"Horton Hears a Who" has all the trappings of a big budget feature gone awry. It has a celebrity star studded cast providing the voice talent to a classic tale that runs twenty minutes too long and wraps itself up with a crowd pleasing pop song at the end. Perhaps there's something in its springtime color palette that oozes to life in every frame, but this latest incarnation of "Horton Hears a Who" turns out to be not so bad, but quite good in fact at times and carries animated Sueesian delight to a new high water mark for new and old fans.
The fantasies of Dr. Suess books have been adapted many times over the years, with varying degrees of success. From the abysmal live-action "Cat in the Hat" to the genius of Boris Karloff's narrated Grinch classic. And while Dr. Suess puppets on computer generated backgrounds explored by the Henson team was pretty Wubbulous, the latest "Horton Hears a Who" imagining brings the Suess-ian mythos into a new realm of 3D rendered goodness.
And who could have imagined Whoville looking so good? The topsy turvy town appears to be made out of a magical polygon based clay, sculpted into a world rich and deserving of its heritage. East coast based Blue Sky Studios continues to flex its capabilities as a top shelf animation company that challenges its rivals out west.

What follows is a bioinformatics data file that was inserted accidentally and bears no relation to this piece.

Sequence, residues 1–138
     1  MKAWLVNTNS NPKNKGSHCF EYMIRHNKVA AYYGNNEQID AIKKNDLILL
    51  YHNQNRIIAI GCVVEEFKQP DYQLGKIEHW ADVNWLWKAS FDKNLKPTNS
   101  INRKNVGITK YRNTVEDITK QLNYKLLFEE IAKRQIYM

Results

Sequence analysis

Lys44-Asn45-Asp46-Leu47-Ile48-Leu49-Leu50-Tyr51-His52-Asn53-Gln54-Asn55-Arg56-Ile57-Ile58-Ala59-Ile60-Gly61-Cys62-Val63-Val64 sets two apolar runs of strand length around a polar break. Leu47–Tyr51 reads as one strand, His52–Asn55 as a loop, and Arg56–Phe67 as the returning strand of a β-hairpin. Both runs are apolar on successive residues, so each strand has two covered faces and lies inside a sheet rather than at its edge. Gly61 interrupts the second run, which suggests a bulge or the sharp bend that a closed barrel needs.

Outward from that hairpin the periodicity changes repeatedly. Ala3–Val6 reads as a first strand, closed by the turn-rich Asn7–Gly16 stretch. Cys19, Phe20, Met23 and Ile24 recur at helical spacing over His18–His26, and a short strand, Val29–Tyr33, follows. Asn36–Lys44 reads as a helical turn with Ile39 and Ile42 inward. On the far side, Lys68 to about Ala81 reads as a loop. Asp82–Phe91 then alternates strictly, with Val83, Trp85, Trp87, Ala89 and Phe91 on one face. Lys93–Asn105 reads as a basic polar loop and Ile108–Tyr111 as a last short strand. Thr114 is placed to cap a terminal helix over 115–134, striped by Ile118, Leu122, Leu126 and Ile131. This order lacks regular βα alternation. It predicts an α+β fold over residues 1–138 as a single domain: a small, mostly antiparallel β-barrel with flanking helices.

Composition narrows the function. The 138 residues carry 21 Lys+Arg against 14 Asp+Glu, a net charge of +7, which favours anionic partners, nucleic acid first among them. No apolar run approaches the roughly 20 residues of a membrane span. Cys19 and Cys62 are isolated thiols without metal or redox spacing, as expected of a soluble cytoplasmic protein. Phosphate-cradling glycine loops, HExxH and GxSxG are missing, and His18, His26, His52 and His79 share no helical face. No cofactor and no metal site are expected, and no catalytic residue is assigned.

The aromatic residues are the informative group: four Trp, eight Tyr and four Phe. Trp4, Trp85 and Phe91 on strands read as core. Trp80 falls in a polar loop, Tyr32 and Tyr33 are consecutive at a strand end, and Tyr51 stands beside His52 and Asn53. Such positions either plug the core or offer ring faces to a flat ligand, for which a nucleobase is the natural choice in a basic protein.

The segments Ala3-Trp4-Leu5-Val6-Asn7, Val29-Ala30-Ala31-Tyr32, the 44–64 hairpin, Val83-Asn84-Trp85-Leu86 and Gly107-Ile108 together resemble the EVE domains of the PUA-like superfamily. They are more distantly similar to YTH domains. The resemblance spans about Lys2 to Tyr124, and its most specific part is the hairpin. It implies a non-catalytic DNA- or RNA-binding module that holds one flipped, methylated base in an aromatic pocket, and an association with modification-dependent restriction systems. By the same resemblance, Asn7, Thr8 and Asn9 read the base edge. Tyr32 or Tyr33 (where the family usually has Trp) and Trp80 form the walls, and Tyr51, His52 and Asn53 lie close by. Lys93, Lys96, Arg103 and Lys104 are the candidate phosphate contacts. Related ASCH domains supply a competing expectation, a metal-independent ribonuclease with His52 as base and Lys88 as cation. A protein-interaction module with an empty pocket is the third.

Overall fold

While Horton's pace definitely lags at times, as it struggles to stretch the original 20 something pages into ninety minutes, detours such as the slip into one of Hortons daydreams as a 2D anime style Kung-Fu cartoon....or the brief glimpse of some original Suess drawn characters animating for a few moments make for worthwhile distractions while the plot meanders.
Even the celebrity filled casting fits the bill and it seems like you're watching that guy from the Office only for a few moments with Steve Carrell as the mayor of Whoville. Jim Carrey comes up with a likable goofy performance that suits Horton and counters the sourness in Carol Burnett's portrayal of the busy body kangaroo.
The McCarthy era politics that influenced Theodore Geisel when he penned Horton are still present, and can be heard with its strong, speak up for what you believe in message. Horton's lessons about the dangers of mob-think are as relevant now as they were in 1954 and I hope the movie motivates viewers into becoming Suess readers to discover the rest of his works.
Looking forward to a return trip to Whoville, for Movie Magazine, this is Purple.
© 2009 - Purple - Air Date: 3/12/08
Horton Hears a Who!
USA - 2008